Necrotizing Fasciitis - Term Paper Example

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Running Head: NECROTIZING FASCIITIS NECROTIZING FASCIITIS Name of the student Under the guidance of APA format Word Count Necrotizing Fasciitis Necrotizing fasciitis is inflammatory infection of the deep fascia which is not only rapidly spreading and progressive, but also is associated with subcutaneous tissue necrosis (Edlich, 2010)…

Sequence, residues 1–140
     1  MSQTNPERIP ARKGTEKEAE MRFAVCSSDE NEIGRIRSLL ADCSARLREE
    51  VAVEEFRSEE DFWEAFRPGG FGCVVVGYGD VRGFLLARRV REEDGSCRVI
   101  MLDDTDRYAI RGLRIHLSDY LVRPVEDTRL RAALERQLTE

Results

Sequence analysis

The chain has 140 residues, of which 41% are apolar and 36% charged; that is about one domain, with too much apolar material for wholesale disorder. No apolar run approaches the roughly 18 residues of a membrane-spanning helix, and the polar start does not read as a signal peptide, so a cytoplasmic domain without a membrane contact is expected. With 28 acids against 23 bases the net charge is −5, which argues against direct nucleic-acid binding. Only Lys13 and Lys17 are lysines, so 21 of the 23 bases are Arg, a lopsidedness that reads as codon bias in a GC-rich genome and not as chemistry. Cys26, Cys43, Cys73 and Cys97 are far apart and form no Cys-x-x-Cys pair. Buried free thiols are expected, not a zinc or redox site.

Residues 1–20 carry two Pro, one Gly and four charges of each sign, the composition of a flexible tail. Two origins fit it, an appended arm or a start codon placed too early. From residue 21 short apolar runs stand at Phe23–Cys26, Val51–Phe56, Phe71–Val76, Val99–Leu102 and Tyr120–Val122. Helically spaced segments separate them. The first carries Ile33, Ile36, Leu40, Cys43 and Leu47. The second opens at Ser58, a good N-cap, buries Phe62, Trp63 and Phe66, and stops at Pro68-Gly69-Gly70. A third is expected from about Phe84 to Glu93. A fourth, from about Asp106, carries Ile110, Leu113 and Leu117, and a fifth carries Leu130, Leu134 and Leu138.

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Necrotizing Fasciitis